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Monday, August 20, 2012

Responding to an Article About Pro-Life Atheists

There's an article I was recently made aware of about pro-life atheists using unsound science, written by Marco Rosaire Rossi. You may want to read it first or this article won't make much sense.

It's actually quite ironic. He accuses pro-life atheist groups of using bad science and fallacious logical reasoning when in fact his own article is rife with both. There's already been a great response by Secular Pro-Life responding to some of their claims written by my friend Kelsey Hazzard, so I'm going to approach this article from a different perspective. I'll just be responding to the article's errors in logic and science.

Marco starts off by insinuating that pro-life atheists might be an oxymoron, kind of like agnostics who support Intelligent Design or secularists who may support Sharia Law. But here's the rub: if you dismiss someone's beliefs simply on the ground that they're Christian (or religious), then you're committing a logical fallacy called the genetic fallacy. It's a great way to side-step the issue and avoid having to think too deeply about it, but it does nothing to refute the actual arguments made.

His contention that the pro-life position is really a "religious" belief and that atheists are just "religious people in disguise" is ludicrous. There are Christians (and people of other faiths) who are pro-choice. So obviously being religious does not automatically make you pro-life, nor is the pro-life position a religious belief. To say nothing of the fact that pro-life philosophers make secular arguments to support their position. Marco's claim that the pro-life position has become more secular to be relevant is equally ridiculous. Don Marquis, an atheist, made an argument for the pro-life position in 1989. Admittedly it was relatively rare for a philosopher to support the pro-life cause (as far as I know), still one of the few philosophers that was supporting it was an atheist. Christians do not have a monopoly on being pro-life.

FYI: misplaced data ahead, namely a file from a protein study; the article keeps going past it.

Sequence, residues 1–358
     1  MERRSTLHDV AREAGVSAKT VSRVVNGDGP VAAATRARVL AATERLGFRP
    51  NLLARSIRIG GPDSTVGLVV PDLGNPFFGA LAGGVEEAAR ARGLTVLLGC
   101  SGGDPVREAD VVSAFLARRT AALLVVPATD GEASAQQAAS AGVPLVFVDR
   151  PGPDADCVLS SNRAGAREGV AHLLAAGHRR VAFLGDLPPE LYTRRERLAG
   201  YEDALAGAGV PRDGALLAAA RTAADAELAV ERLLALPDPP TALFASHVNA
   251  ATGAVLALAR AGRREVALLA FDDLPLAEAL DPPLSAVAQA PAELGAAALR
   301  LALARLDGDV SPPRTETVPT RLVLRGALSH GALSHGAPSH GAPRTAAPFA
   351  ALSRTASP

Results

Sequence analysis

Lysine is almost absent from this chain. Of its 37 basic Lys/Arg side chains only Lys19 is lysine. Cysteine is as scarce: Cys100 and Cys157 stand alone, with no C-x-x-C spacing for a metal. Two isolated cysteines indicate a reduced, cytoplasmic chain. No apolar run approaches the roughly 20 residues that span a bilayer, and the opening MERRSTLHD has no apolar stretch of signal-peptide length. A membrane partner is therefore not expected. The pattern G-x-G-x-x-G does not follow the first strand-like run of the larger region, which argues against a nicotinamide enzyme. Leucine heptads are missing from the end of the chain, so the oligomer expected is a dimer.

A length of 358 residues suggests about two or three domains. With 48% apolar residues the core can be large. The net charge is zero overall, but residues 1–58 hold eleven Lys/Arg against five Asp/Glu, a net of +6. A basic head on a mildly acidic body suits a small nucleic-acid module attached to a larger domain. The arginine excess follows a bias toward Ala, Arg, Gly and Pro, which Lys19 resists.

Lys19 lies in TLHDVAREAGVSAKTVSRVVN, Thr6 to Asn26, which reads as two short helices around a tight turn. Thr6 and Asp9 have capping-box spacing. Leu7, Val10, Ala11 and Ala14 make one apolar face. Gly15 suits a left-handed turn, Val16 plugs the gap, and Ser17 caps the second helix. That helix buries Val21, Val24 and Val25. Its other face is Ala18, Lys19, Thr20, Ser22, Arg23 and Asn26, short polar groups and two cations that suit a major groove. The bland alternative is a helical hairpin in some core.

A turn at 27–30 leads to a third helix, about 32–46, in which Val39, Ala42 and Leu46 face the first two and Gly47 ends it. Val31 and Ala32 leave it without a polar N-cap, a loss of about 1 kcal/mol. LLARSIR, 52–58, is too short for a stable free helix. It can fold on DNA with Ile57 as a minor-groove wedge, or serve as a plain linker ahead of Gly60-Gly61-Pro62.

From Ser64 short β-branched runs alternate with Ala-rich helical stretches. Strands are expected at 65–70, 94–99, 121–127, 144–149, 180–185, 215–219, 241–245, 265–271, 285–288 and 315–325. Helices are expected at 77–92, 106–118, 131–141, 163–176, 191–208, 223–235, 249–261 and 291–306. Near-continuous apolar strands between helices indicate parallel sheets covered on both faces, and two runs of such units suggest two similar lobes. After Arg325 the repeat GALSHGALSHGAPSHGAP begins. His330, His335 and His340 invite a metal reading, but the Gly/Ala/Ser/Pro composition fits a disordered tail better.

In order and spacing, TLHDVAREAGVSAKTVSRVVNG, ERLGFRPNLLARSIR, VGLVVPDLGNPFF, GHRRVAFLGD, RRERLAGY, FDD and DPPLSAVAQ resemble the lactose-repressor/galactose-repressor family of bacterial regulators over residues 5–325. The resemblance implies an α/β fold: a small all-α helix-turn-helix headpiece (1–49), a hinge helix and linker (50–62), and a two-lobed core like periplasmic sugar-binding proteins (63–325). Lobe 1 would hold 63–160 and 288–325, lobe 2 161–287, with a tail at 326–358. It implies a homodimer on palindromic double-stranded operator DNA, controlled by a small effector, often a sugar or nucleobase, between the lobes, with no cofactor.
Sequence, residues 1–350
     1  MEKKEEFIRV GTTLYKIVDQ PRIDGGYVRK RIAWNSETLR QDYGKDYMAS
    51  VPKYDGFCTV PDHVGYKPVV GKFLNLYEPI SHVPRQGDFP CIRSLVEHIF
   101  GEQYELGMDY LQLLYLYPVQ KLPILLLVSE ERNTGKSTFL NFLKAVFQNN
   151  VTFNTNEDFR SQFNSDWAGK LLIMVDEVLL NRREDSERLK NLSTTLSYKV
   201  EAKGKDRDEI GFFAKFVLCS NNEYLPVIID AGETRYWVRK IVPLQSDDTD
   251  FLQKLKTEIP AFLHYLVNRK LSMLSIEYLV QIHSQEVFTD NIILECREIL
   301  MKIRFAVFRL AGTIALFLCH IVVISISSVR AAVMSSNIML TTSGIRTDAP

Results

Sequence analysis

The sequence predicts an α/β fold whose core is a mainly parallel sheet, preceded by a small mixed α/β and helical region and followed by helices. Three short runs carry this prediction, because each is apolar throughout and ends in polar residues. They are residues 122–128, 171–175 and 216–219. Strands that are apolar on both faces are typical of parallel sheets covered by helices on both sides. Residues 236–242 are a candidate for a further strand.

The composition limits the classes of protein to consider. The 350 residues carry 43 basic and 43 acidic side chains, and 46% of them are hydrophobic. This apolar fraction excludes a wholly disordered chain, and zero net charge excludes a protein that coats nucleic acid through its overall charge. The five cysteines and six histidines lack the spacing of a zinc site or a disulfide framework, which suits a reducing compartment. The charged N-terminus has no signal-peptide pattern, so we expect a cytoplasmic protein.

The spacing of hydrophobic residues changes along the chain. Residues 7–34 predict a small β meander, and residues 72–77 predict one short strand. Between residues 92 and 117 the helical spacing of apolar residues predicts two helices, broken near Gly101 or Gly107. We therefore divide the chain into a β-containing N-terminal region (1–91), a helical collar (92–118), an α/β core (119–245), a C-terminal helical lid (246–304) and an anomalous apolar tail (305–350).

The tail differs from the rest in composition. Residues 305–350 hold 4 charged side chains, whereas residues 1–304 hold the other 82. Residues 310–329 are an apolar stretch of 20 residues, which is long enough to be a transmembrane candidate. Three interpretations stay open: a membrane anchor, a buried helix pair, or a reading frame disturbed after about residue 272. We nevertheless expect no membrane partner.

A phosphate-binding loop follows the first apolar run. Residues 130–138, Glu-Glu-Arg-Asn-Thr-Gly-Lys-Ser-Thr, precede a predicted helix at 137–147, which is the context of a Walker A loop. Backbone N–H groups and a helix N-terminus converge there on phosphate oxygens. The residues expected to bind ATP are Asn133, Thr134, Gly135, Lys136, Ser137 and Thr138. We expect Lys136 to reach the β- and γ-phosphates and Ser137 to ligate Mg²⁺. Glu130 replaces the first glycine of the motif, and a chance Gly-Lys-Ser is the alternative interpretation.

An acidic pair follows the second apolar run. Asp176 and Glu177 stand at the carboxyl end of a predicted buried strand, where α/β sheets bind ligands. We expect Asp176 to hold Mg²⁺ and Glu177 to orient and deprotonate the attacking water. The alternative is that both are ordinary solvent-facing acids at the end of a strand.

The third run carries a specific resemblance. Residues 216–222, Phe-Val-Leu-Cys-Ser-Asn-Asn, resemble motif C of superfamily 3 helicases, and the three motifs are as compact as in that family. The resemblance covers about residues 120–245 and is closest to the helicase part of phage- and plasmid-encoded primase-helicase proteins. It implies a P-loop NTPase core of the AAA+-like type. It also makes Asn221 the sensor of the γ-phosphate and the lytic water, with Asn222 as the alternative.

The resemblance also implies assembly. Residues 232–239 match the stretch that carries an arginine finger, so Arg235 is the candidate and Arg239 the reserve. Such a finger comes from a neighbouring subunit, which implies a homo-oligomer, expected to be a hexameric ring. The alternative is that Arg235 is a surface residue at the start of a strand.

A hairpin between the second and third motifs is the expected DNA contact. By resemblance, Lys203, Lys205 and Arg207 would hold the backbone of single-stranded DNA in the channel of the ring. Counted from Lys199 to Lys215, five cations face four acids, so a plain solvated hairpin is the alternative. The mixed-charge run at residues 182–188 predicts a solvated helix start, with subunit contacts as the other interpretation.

Science supports the pro-life position. Embryologists (who are the experts on human embryos) consistently agree that human life begins at fertilization. Even pro-choice philosophers agree that human life begins at fertilization (such as Peter Singer, Michael Tooley, David Boonin, and David Benatar). It's simply not a tenable position to argue that human life begins at any other point.